The View from Northern Ireland: The Ulster Farmers Union (UFU) President Harry Sinclair is encouraged by the findings of a recent report from the Northern Ireland Consumers Council, which looked at consumer shopping habits in Northern Ireland in the wake of the horsemeat scandal.

“The report indicates that not only do consumers have more trust in local butchers, retailers, food producers and farmers than in the larger supermarket chains but that some are willing and able to pay more for local meat. This is a real opportunity for our industry and we need to capitalise on it,” he said.

In March Northern Ireland Agriculture Minister Michelle O’Neill stated her intention to convene an agri-food stakeholders meeting to further discuss opportunities for the agri-food industry following the horsemeat scandal. A promise she still has yet to deliver on, the UFU president said.

“At the height of the horsemeat scandal in February it was left to the UFU to organise industry meetings to develop the opportunities, which the Consumer Council’s report has confirmed are there. Subsequently, at the UFU Dinner in March the Department of Agricultural and Rural Development permanent secretary announced that the Minister planned to convene an agri-food stakeholder meeting to discuss these opportunities further. Four months later, we are no further on and we had expected the Minister and her Department to show more leadership on this important issue."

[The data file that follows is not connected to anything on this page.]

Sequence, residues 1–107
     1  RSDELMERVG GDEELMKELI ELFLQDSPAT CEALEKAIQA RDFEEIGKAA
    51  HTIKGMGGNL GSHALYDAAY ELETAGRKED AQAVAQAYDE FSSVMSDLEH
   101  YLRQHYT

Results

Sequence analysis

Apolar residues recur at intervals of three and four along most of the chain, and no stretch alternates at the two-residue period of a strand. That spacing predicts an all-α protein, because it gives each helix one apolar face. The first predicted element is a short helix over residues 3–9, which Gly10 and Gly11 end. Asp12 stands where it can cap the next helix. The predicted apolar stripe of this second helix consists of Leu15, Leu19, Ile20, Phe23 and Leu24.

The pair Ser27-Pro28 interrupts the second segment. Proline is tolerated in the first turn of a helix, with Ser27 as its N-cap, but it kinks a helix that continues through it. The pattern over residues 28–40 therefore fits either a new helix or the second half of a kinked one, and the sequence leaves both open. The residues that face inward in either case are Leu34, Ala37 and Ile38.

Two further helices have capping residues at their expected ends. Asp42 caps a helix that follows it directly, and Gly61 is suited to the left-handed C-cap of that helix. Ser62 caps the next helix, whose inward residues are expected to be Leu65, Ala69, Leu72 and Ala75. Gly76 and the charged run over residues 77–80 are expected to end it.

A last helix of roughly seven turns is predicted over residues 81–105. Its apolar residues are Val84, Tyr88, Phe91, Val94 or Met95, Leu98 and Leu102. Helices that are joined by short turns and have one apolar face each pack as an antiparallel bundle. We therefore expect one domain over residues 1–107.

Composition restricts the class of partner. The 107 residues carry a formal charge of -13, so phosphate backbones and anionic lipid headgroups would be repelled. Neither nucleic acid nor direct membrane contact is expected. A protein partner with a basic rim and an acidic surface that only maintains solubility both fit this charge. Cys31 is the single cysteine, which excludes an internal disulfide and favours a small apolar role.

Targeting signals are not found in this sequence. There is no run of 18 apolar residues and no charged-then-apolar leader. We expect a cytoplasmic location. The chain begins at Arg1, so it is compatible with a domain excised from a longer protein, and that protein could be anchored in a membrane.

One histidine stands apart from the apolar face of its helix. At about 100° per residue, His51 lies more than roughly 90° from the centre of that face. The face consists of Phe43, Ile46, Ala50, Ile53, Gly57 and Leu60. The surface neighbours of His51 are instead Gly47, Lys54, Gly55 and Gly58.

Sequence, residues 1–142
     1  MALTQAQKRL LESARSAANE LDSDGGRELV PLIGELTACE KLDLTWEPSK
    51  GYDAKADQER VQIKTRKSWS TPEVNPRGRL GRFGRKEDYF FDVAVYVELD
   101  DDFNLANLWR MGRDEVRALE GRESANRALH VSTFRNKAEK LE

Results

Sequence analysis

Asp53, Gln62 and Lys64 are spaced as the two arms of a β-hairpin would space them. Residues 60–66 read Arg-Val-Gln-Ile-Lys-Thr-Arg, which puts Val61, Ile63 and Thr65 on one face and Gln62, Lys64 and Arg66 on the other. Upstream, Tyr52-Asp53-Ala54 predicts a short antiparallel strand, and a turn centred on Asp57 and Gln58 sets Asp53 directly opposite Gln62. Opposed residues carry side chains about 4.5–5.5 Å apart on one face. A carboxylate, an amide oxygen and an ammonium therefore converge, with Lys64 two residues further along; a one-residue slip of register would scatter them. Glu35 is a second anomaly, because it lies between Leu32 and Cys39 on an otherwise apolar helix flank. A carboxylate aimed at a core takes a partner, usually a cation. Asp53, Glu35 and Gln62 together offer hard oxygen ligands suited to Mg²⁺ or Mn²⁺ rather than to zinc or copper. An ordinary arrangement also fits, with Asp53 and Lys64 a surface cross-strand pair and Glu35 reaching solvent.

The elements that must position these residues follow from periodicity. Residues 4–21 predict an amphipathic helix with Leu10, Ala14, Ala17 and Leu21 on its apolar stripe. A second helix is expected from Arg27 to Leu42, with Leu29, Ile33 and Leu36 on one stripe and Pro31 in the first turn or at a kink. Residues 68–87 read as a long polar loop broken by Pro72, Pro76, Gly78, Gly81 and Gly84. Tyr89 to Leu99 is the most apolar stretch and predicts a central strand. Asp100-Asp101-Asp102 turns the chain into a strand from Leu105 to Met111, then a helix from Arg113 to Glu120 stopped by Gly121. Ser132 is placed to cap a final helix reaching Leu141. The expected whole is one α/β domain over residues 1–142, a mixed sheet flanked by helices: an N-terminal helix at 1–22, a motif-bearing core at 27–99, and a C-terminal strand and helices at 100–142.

Changes in consumer attitudes and shopping habits are some of the positives to come out of the horsemeat scandal, Sinclair said.

"With more and more consumers putting their trust in the local supply chain rather than big supermarket chains, as an industry, we need to ensure we are able to cope with growing demand.”

The horse meat scandal exposed the complex and convoluted supply chain used by many of the large UK supermarkets chains and while some progress has been made in changing the current system, much more still needs to be done, he said.

"Earlier this week, [In a interview with The Guardian] Tesco Chief Executive Philip Clarke admitted that a rise in food prices is 'all but inevitable' and stated that 'rising global demand means the historic low prices to which British consumers have become used are now unsustainable."

“Tesco made a number of promises in the wake of the horsemeat scandal including shortening the supply chain and sourcing more meat locally, which they have delivered on to some extent. It has publicaly acknowledged that current food prices are unsustainable and that price rises are inevitable and what I want to see is farmers getting a fair share of the returns.”

The report ‘Food supply chain issues and the horsemeat scandal – the consumer review’ was published this month by the Northern Ireland Consumer Council.